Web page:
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A Goldstuck glimpse

Now you see them, now they’re toast.

In a corner of my home office, I have a pile of devices that were cutting-edge in their day, but now baffle the kids, or at least their friends. They include an Apple ipod, an Hp iPAQ personal digital assistant, highcapacity external hard drives, an external CD drive, piles of blank CDs, and a TomTom car navigation device.

And we’re only talking about devices from the 21st century. In the last decades of the 20th, you could barely move in an electronics store for the piles of laser printers, fax-scanner combos, cordless phones, and compact digital cameras in very uncompact boxes.

As categories, all of these were going to change the world, and some brands did briefly catch alight in the channel.

The fact that many of these were core products in consumers’ lives not so long ago should give the channel pause to consider a crucial strategic question: which technologies that consumers take for granted today will have vanished in the next 10 years?

One of them is already on the chopping block. when ITWeb reported at the beginning of August that Altron was selling its Altech UEC division, it was ostensibly because the holding company was moving away from manufacturing to become ‘a fully-fledged ICT services provider’. However, CEO Mteto Nyati also revealed the Achilles’ heel of the business: “Our set-top box business was largely only selling to MultiChoice, just one customer.”

Now that sole customer is suddenly under pressure as the top-end of MultiChoice’s DStv subscriber base begins migrating to streaming video-on-demand services.More specifically, the first few hundred thousand subscribers to netflix in South Africa have largely been at the expense of DStv’s premium customer base.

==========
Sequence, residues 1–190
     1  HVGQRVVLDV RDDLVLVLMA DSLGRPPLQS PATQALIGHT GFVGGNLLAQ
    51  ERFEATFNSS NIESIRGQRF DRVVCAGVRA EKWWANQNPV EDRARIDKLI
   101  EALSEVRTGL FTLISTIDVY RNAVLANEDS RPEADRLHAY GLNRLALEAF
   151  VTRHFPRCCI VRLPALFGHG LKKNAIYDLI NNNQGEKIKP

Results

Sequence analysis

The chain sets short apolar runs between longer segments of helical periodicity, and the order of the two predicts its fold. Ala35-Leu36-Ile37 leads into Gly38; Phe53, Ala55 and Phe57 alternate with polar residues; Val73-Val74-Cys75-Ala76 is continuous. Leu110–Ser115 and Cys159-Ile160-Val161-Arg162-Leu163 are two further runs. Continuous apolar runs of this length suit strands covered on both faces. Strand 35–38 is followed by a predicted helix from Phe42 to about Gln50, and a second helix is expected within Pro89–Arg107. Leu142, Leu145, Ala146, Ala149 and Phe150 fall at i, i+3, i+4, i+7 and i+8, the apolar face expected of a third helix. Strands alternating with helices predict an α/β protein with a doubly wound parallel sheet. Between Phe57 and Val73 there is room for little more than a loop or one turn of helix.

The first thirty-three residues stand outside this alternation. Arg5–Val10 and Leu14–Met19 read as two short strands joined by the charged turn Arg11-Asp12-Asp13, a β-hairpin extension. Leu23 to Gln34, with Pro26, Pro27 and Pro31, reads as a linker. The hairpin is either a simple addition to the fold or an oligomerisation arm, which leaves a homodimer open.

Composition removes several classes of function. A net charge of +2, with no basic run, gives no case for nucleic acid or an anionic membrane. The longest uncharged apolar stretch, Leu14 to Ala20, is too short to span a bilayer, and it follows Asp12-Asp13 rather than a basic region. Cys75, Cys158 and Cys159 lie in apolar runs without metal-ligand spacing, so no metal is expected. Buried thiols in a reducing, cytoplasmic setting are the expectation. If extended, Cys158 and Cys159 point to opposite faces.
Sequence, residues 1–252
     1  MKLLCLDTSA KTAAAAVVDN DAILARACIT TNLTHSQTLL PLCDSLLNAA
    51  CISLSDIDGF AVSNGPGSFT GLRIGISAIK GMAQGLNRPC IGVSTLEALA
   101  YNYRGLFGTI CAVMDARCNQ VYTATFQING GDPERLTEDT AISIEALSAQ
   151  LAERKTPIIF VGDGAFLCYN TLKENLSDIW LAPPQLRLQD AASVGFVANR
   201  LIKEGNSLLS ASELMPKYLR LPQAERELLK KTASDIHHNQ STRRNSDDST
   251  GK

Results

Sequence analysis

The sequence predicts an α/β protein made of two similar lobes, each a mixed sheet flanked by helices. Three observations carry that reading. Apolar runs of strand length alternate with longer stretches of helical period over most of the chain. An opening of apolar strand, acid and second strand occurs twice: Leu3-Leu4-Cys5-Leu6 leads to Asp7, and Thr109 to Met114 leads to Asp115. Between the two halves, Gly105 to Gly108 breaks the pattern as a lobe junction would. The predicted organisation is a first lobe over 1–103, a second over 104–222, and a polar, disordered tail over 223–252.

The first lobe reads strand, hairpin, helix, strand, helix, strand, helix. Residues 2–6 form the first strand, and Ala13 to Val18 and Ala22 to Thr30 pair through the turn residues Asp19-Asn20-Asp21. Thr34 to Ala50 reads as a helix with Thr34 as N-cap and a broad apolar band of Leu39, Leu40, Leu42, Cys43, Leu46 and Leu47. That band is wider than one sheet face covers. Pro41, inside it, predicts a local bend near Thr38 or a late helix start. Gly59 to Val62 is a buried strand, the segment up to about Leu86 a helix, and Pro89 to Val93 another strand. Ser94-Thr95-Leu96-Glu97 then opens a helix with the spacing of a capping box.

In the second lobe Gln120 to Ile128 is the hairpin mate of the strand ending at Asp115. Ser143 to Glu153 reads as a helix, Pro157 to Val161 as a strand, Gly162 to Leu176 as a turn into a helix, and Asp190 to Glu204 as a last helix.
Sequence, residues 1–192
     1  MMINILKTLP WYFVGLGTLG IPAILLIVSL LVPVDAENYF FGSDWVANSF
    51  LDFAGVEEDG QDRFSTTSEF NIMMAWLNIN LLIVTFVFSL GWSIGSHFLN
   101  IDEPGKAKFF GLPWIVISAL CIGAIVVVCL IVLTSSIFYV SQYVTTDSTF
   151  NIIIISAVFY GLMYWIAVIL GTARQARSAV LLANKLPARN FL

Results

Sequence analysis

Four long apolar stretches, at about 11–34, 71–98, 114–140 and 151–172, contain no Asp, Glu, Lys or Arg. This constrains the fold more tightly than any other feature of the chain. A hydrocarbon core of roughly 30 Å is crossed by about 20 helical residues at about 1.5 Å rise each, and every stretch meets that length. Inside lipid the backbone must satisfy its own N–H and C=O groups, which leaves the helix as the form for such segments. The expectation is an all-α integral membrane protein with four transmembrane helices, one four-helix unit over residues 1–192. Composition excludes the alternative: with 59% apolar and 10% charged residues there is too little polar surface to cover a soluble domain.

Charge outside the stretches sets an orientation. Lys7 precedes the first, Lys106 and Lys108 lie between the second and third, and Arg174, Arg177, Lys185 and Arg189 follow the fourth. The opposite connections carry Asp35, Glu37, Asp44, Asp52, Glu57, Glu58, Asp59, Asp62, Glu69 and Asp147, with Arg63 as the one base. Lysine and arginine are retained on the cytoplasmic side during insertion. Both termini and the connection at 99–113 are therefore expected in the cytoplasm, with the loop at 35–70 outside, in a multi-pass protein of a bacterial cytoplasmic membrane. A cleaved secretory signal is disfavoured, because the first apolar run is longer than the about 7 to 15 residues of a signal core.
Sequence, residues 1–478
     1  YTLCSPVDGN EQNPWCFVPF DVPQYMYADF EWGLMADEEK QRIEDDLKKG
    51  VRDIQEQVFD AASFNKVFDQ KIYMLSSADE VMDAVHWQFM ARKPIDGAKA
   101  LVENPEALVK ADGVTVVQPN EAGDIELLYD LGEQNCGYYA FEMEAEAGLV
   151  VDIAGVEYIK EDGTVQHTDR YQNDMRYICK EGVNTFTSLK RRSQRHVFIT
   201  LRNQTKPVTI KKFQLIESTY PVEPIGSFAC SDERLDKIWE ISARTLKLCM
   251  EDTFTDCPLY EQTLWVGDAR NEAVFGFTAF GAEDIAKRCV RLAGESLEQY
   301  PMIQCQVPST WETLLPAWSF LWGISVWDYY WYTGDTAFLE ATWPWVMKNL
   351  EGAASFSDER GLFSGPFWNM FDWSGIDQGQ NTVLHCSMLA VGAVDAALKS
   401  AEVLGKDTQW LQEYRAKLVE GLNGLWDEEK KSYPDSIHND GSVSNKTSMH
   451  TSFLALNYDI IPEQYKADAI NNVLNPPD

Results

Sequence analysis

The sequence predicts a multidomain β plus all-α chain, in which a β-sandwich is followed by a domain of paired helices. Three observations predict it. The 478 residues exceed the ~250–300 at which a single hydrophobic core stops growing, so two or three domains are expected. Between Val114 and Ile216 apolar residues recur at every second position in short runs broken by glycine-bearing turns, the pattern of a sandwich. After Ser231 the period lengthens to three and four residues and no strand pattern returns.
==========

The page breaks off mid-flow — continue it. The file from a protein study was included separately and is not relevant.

The pay-TV giant still has a massive user base, with more than five million set-top boxes deployed in South Africa. The question is, though, how many of these boxes will move from the TV cabinet to the dusty corner where obsolete technologies go.

MultiChoice has already started reinventing itself with the creation of the Showmax streaming service that viewers can get as part of DStv or subscribe to as a stand-alone service. The next step will be for the organisation to migrate from the cumbersome set-top boxes of the kind made by Altech UEC.

Competitors like Kwesé Play and Cell C Black have demonstrated that it’s not too difficult to make devices equivalent to Apple TV, that take up almost zero space alongside the TV set. All of these boxes, in turn, will also eventually vanish into an app on the TV.

The other cumbersome piece of equipment that still tends to baffle its users a few decades later, the remote control that looks like a mini computer, will also join the dusty doodah dump. Apple TV and Amazon’s Fire Stick in particular show that, if one has the right interface built into the device, the control unit can be stripped down to the most minimalist design imaginable. Both now have voice control, which also points to a future where one will simply talk to the TV.

When 5g arrives with speeds that now sound insanely high, and connectivity becomes faster, more cost-effective and more pervasive, we can expect storage devices to become less important. USB flash drives may well be toast. ethernet cables will vanish from the home and small business.

Talking of which, cables themselves will be seen as a form of over-packaging. Just as excessive plastic wrapping is today seen as environmentally damaging, excessive cabling will be regarded by many as a symbol of supplier cluelessness.

But don’t unplug yet. first wait for the big manufacturers to stop making those cables.

 

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